In an effort to obtain juicy anti-Trump leaks, the New York Times is soliciting such information from government employees, encouraging them to divulge information with the promise of anonymity, Breitbart reports, citing emails it obtained.
An email from New York Times (NYT) energy and environment correspondent Coral Davenport to John J. O’Grady, the president of the AFGE Council in Chicago which represents Environmental Protection Agency (EPA) workers, shows Davenport throwing bait at O’Grady, hoping he’d bite.
Davenport goes on to promise anonymity for any leakers.
Davenport then provides her contact information and encourages any wannabe leakers to text, call, email, or contact her on the encrypted phone apps WhatsApp or Signal.
However, she continues the email even after providing her details, brainstorming how her goal could be accomplished with O’Grady’s help.
In an effort to reassure O’Grady that she knows what she’s doing, she tells him that “we’ve already done this in a number of other stories this year…” going on to give four examples, all of which were critical of the Trump administration or EPA head Scott Pruitt.
Davenport then tells O’Grady to “feel free” to distribute her email around to anyone who may want to share stories with her.
Much to Davenport’s delight, O’Grady does just that, forwarding Davenport’s email to 34 EPA employees.
About half of the email addresses used by O’Grady were personal addresses of EPA employees, rather than their work emails. O’Grady’s email was also a personal one. That fact is particularly ironic, Breitbart notes, considering Davenport was seeking evidence of government employees “refusing to use official email.”
However, a spokeswoman for the New York Times has maintained that the newspaper has done nothing wrong, implying that Davenport was merely going about her everyday journalistic tasks.
“The email demonstrates the process of reporting and gathering facts,” Rhoades-Ha told Breitbart in an email.
Political analyst Charles Ortel told RT that there’s a big difference between Davenport’s actions and those of a reporter who is simply trying to dig deeper into something they discovered themselves.
“When a journalist in effect colludes with member of the government bureaucracy to seek out stories that are damaging to one flank, one political wing, or one section of a political party, that’s a lot different from seeing trouble yourself and trying to get to the real bottom of the issue…” Ortel said.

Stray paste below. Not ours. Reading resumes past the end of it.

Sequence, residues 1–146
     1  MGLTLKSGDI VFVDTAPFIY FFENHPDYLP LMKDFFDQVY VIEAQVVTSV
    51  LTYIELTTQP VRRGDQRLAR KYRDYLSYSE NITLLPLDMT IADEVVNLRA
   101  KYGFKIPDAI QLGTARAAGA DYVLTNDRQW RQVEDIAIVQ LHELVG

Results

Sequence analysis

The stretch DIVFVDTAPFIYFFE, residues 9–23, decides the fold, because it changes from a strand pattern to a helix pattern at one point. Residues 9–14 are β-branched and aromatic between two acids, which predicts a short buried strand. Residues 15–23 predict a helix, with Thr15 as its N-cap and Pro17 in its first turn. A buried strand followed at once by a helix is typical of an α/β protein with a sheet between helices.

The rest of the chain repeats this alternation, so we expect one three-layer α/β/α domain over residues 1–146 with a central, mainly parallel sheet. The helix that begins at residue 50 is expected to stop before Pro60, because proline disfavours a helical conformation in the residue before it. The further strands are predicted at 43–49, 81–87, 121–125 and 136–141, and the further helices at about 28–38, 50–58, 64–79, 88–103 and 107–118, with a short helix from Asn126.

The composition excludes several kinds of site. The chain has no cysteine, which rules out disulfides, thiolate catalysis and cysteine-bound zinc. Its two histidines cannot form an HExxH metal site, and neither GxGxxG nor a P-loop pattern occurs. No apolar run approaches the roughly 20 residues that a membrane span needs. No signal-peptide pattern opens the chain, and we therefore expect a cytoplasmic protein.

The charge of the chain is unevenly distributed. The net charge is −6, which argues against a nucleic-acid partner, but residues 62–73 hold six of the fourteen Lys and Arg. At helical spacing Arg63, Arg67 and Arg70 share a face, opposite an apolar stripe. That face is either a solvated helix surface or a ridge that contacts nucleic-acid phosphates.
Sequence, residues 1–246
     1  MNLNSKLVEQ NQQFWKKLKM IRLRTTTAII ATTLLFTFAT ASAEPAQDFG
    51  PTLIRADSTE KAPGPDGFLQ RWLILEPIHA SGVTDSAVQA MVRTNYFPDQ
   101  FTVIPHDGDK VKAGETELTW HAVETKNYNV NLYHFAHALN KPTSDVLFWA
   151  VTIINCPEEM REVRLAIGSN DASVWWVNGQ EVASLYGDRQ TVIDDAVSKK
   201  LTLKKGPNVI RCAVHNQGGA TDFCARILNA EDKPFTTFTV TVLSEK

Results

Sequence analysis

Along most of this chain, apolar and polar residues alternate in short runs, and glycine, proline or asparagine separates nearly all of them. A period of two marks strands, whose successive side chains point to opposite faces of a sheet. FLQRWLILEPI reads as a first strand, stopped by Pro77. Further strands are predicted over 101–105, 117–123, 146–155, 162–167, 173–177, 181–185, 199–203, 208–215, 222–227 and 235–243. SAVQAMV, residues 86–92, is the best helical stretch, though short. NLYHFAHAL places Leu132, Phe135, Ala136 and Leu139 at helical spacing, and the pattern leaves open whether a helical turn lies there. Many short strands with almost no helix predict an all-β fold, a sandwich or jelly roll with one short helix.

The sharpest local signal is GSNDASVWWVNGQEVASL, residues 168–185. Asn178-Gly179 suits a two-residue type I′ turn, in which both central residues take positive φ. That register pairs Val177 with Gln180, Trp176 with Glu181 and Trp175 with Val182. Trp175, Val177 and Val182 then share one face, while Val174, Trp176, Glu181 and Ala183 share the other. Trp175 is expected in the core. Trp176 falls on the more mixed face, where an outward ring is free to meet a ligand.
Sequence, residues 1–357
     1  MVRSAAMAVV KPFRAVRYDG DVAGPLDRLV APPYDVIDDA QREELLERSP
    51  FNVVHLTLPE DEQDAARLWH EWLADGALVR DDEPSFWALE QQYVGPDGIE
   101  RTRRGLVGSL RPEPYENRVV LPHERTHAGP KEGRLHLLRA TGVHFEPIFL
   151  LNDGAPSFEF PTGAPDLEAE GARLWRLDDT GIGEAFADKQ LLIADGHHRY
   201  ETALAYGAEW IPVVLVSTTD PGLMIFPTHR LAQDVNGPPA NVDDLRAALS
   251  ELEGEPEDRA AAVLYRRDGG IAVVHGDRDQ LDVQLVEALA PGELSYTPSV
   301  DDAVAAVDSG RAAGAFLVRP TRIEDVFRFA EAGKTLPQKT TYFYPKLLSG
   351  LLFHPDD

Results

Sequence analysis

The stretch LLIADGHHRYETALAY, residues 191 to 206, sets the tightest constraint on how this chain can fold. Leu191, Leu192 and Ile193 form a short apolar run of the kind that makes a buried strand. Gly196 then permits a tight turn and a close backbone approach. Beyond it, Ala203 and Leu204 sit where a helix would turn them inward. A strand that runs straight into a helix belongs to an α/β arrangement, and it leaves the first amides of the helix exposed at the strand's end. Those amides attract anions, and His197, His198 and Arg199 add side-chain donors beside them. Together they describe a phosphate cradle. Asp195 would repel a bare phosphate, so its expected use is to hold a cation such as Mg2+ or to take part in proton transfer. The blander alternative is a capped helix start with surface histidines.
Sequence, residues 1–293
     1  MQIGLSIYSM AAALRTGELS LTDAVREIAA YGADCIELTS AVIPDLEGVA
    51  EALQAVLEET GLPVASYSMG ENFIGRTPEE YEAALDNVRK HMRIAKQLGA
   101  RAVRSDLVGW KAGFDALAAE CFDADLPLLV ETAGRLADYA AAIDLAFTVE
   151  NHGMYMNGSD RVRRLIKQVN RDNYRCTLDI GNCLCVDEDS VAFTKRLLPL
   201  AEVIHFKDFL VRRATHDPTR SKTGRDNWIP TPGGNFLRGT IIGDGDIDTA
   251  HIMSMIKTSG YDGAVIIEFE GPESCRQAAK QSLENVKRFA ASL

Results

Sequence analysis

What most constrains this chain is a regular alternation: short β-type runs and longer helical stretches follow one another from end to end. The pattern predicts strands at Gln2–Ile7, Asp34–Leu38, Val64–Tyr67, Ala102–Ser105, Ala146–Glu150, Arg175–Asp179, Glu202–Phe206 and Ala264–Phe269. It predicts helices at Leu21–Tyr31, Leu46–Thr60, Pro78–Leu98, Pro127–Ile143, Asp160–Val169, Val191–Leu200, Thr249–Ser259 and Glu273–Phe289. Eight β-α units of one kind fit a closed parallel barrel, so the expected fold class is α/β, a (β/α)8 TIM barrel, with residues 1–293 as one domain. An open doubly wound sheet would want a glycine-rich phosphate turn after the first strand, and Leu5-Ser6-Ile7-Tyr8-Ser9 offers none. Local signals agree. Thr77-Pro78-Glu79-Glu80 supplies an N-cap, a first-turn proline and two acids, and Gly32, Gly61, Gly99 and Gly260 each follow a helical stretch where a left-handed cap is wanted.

“It sure looks to me like in the reporting that I saw on Breitbart and also the reaction to it, what you saw there were journalists trying to provoke bureaucrats into providing kernels of information that can be used to slam a political group or figure with which they disagree,” he said, adding that such actions describe a “political action organization rather than a true journalist.”
The revelations come as President Donald Trump and Attorney General Jeff Sessions crack down on leakers, wish Sessions saying last week that “we will not allow rogue anonymous sources with security clearances to sell out our country.”
Director of National Intelligence Dan Coats issued a stern warning for anyone considering leaking information.
“If you improperly disclose classified information, we will find you, we will investigate you, we will prosecute you to the full extent of the law, and you will not be happy with the result.”
The New York Times has long been a foe of Trump, who has taken to Twitter to slam the newspaper as “fake news” and “failing” on a regular basis.
“The failing @nytimes, which has made every wrong prediction about me including my big election win (apologized), is totally inept!” the president wrote on Monday.
“Somebody with aptitude and conviction should buy the FAKE NEWS and failing @nytimes and either run it correctly or let it fold with dignity!” he tweeted in January.
“Really disgusting that the failing New York Times allows dishonest writers to totally fabricate stories,” Trump wrote while campaigning for president in January 2016.